1. The coin is struck as normal and when the dies retract the coin fails to eject correctly but actually moves slightly and then falls back into the collar die, the press cycles again and the coin is struck a second time. The movement the coin experiences as it fails to eject correctly causes it to rotate slightly.
  2. A coin is struck normally and ejected from the press normally. Somehow it ends up dropping out of the normal manufacturing process, perhaps falling off of a conveyor, or being dropped on the ground when being transferred to a storage container. When mint workers are cleaning up their workspace they sweep up the coin and it is carelessly placed back into a coin blank hopper or drum and the coin is put through the manufacturing process again where it is struck a second time.

Personally we lean toward the second theory. A very similar method is thought to be behind wrong or foreign planchet errors, basically the wrong planchets end up contaminating the blank supply for some other coin. If it can happen for blanks then it’s quite feasible for it to happen with already struck coins.

Conclusions

Rotated double strikes are much rarer in the Australian coin series than the more often seen double strikes were the coin moves laterally between strikes. It is helpful to understand the characteristics of rotated double strike coins as we’ve pointed out in this blog post so that you, the collector, can correctly identify a rotated double struck error. It’s also useful to be able to examine such errors minutely to date them as we’ve demonstrated here.

Posted in Error Coins

Convict Love Token Exhibition in Ballarat


The Museum of Australian Democracy at Eureka (M.A.D.E.) in Ballarat currently has on display a 45 piece collection of convict love tokens that date from 1791-1843. Until 22 Jan the display features these rare keepsakes given to loved ones before the convicts left for the new colony in Australia. This is possibly the largest private collection of these tokens in the world and is well worth the visit.

The exhibition is called “Leaden Hearts” which is the name given to the tokens by the convicts and their guards. The tokens are made from smoothed down coins inscribed with text, a design and/or heartfelt messages. Often this message is a name and forget-me-not which speaks for itself. These were most commonly large copper British cartwheel pennies from 1797. They were intended to be kept in pockets or a safe place close to the heart as a reminder of their far-away lost love or family member. These rare tokens are on loan from the Peter Lane collection.

Some of the Tokens on Display

Some of the Tokens on Display

Peter Lane and His Prized Collection on Display at M.A.D.E

Peter Lane and His Prized Collection on Display at M.A.D.E

Posted in Coin News, Collectables and Ephemera

New Issues Are Keeping Coin Collectors Very Busy

Coin and banknote collectors have been manic for the new design next generation $5 notes. First and Last prefix 2015 notes of the old design have also surfaced when we all thought 2013 might be the last year of issue. It’s not just crazy in the banknote collecting world there are more new coins on the horizon too.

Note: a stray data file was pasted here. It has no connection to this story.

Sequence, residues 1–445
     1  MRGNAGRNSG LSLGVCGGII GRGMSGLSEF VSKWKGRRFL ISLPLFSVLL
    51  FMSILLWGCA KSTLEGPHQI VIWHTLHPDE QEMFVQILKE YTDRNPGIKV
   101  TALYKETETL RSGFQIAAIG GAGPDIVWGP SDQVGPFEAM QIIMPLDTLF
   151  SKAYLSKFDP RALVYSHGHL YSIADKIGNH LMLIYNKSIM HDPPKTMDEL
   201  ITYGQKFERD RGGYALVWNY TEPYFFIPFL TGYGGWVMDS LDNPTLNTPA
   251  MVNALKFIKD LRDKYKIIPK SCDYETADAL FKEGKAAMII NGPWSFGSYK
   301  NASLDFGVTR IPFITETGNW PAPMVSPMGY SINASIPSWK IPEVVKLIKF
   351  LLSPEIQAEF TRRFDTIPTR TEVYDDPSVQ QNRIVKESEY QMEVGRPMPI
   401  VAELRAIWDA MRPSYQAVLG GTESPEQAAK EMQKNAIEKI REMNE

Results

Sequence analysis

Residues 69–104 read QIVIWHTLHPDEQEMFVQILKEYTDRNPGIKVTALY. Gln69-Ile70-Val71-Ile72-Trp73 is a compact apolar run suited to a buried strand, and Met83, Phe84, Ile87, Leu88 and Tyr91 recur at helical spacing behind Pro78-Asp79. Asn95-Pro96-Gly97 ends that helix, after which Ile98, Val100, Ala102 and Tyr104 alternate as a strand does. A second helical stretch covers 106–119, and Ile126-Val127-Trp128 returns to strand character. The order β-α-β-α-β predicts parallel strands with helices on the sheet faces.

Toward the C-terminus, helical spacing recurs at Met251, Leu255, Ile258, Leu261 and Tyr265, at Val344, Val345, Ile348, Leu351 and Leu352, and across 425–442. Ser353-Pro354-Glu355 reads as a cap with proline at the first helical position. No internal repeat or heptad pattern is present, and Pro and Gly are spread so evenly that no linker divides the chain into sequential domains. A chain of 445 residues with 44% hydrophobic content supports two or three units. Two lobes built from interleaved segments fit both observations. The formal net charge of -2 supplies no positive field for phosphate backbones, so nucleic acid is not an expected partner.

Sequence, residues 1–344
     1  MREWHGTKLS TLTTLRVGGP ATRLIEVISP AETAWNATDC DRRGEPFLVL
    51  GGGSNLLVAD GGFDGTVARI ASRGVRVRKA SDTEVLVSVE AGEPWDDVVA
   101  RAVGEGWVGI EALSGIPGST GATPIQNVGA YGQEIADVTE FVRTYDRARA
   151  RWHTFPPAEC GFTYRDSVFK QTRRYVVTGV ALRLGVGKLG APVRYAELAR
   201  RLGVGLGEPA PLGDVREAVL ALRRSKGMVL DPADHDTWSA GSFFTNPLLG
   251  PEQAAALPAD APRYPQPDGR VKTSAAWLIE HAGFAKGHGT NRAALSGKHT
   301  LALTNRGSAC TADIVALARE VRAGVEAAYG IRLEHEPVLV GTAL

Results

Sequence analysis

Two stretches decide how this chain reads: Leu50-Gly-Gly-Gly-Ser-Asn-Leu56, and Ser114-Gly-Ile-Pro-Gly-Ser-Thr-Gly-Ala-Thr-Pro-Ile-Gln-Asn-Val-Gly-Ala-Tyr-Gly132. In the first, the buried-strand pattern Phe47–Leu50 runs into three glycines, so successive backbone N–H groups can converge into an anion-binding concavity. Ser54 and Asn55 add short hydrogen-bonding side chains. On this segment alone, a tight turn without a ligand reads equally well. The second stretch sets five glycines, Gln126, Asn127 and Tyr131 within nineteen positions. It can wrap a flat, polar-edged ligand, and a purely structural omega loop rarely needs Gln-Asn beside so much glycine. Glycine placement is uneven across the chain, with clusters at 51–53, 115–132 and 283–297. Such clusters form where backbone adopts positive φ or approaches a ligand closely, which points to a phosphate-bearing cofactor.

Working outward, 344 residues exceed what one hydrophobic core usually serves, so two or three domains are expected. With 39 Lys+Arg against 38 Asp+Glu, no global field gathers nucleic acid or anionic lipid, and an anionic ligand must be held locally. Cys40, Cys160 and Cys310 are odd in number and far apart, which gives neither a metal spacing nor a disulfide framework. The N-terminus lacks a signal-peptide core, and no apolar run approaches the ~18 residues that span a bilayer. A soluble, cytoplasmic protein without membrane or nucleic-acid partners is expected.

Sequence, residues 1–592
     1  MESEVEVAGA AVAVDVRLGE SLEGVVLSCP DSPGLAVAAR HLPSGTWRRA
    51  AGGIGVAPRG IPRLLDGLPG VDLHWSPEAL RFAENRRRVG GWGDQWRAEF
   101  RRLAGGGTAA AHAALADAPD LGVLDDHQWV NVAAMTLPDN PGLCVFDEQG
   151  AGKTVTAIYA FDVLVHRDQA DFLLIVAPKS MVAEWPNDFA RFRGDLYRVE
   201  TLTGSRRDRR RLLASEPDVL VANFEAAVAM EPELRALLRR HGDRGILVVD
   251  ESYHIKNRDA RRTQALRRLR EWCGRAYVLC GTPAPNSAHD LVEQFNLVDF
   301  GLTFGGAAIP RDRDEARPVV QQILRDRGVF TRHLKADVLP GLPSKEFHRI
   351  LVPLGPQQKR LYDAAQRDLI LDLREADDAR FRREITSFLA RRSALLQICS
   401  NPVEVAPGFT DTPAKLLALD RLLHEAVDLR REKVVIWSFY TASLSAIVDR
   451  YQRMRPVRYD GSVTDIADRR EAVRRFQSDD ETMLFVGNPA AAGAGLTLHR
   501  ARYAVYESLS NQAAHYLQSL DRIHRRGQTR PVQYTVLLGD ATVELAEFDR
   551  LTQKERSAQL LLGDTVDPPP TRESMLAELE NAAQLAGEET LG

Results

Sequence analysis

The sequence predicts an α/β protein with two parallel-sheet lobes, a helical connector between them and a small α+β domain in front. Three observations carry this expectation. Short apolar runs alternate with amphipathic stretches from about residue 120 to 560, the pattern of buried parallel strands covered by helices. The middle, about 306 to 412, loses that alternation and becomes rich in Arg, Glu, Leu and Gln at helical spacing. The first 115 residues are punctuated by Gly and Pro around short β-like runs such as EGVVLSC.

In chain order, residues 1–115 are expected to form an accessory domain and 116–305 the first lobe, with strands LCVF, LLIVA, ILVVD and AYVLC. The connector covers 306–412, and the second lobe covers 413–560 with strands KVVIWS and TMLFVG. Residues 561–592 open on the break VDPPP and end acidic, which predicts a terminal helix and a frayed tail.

The Royal Australian Mint (RAM) has been slow sending out orders of late and customers have been getting surprise goodies as an apology for slow delivery in their packages when they do arrive. Selling the 50th anniversary of decimal currency commemorative circulation coins has been both a win and a pain for the RAM with many orders placed owing to the “one bag per order” rule which has been tireless and frustrating for collectors.The 160 years of Holden Heritage commemorative coins have been another hugely popular issue with the special non-coloured bonus coin a massive win with sale prices for this set booming. The Queen’s 90th birthday made to order 3 coin set had collectors smiling earlier this year when a mintage of 9,108 was announced. That smile quickly turned sour when each of these coins turned up in an Australia Post PNC and more recently a prestige 3 coin PNC making the mintage for these coins much higher than anticipated.

2016 Queen Elizabeth II 90th Birthday Prestige 3 Coin (90 cents) PNC

2016 Queen Elizabeth II 90th Birthday Prestige 3 Coin (90 cents) PNC


Looking ahead the most recent currency determination tells us what is likely coming our way soon and for the new year. We’re looking forward to a number of coins depicting military awards. 20 cent denominations will feature the Star of Gallantry, Distinguished Service Cross, Nursing Service Cross, Military Cross, Distinguished Service Medal, Victory Medal, 1939-1945 Star Military Award, Australian Active Service Medal, OSM Australian Operational Service Medal -Greater Middle East Operation Military Award and Australian Defence Medal.

25 cent coins, the first Australian coins struck in magnetic copper plated steel will feature the Victoria Cross, George Cross, Distinguished Flying Cross and Medal for Gallantry. Of course we may be wrong about these coins being magnetic because the RAM annual report for 2015-16 suggests that our newest circulating coins in copper-nickel have been made in nickel plated steel which, if correct is of massive importance to the tiny population who care! It’s likely that’s just a very awkward typo for the Mint. (Now who’s gone to get a magnet and are checking the new coins in their wallet?)

We’ll soon be seeing the release of next years coin sets and we’re perhaps looking at the 2017 mint set coins featuring each of the planets of the solar system including the 1 cent and 2 cent -now that sounds cool!